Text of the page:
"As a patrol leader he has at all times shown the utmost gallantry and skill, not only in the manner in which he has attacked and destroyed the enemy, but in the way he has, during several aerial fights, protected the newer members of his flight, thus keeping down their casualties to a minimum. This officer is considered, by the record he has made, by his fearlessness, and by the great service which he has rendered to his country, deserving of the very highest honor." - London Gazette, 2 April 1918, in regards to McCudden's Victoria Cross award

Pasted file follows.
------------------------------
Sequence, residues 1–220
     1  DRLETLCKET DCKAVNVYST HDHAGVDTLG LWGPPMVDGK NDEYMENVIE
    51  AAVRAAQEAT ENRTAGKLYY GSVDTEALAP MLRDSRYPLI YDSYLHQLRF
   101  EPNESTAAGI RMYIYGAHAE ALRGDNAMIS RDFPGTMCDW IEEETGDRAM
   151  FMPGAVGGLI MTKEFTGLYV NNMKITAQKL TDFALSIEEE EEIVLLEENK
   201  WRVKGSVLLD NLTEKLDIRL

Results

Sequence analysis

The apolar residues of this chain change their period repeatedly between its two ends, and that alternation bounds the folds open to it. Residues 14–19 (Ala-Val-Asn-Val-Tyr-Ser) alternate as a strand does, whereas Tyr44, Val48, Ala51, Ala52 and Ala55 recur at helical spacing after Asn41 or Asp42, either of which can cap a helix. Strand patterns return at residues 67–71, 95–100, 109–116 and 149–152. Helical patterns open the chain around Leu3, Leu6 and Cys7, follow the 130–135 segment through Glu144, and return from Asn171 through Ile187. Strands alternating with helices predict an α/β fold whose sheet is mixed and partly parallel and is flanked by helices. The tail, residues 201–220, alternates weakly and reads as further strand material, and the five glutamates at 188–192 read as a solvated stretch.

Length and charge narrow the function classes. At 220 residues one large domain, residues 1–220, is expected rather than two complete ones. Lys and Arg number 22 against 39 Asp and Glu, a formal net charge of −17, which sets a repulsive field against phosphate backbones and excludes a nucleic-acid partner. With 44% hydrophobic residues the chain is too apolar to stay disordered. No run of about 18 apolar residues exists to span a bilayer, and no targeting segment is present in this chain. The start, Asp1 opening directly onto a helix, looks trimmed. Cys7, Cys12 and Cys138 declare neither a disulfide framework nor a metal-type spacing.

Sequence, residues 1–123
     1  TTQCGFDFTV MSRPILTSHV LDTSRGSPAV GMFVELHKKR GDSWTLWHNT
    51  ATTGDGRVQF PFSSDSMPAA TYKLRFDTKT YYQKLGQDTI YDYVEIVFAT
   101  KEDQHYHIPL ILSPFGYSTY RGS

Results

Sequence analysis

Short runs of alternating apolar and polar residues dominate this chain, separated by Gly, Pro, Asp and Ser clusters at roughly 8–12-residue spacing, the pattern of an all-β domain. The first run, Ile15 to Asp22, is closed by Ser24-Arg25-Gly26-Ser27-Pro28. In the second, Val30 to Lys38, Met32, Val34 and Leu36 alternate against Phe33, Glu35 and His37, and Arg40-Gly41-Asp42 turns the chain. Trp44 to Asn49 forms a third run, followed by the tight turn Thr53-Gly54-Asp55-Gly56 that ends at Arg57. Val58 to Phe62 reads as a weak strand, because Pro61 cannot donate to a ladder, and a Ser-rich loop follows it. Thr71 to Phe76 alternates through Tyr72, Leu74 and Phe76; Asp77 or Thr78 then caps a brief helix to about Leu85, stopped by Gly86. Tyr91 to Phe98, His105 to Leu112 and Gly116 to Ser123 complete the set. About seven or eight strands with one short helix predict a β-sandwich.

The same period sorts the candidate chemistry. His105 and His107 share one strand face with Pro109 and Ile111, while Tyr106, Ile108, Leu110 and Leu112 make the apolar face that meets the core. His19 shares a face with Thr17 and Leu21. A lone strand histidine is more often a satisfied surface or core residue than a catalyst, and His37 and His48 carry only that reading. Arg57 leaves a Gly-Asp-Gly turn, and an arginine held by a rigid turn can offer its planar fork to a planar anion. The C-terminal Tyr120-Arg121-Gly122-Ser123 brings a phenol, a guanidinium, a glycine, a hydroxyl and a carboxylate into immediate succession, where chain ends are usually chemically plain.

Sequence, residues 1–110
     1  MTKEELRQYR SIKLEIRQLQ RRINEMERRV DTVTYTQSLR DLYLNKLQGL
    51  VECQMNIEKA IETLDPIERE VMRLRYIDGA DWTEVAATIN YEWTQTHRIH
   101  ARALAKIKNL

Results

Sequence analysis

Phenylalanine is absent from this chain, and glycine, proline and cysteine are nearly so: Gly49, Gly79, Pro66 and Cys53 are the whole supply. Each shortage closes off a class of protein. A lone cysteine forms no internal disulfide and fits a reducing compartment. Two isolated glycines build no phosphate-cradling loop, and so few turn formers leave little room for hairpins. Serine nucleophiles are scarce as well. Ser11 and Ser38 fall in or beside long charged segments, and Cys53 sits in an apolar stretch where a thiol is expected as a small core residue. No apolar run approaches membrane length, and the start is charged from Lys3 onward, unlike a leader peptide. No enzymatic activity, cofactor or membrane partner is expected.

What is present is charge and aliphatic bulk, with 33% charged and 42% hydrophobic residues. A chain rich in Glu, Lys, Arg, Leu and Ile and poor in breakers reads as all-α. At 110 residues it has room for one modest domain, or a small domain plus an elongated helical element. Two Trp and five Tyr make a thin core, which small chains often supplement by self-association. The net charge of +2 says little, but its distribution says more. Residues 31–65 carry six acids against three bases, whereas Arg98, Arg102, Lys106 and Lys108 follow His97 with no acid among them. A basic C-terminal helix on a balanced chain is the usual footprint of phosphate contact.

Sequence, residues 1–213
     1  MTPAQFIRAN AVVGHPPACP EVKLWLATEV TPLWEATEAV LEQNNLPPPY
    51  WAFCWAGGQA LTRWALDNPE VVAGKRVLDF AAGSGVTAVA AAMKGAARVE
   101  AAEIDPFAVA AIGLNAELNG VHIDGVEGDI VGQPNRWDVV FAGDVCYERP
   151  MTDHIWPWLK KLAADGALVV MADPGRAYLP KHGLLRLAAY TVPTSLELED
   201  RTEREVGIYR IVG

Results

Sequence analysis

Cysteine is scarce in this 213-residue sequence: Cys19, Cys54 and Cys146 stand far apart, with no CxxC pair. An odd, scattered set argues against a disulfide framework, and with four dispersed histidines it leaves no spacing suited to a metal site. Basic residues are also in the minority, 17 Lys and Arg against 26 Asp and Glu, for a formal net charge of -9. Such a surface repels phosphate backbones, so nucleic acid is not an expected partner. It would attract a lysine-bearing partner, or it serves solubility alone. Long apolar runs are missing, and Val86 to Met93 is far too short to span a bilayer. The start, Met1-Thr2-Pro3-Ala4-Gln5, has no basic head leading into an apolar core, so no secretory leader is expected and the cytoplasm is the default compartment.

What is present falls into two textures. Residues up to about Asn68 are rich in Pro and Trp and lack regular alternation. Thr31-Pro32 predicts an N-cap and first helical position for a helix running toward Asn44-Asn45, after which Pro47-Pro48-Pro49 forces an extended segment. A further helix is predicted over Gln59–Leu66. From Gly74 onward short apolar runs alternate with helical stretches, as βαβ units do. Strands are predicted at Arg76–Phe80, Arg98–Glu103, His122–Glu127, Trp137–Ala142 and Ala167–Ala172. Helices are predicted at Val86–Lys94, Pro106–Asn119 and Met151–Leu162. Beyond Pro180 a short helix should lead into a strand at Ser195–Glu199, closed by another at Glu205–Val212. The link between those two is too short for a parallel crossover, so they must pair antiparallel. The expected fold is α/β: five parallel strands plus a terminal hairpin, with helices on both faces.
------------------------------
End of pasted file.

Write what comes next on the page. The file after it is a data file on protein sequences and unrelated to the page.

by Rusty Was Here April 18, 2005
A baseball pitch that looks like a typical fastball to you, then mindfucks you by dropping out of the strike zone as you swing, utterly humiliating you and making you look like a third-rate bushleaguer. Swinging at this pitch and missing is like getting hit in the face by a freight train--you should have seen it coming, but it's just too damn good for you.
You need an example for this? Seriously? Fine. That thar guy on the mound sure throws a mean SPLIT-FINGERED FASTBALL. Are you happy now!?
by Rusty Was Here April 15, 2009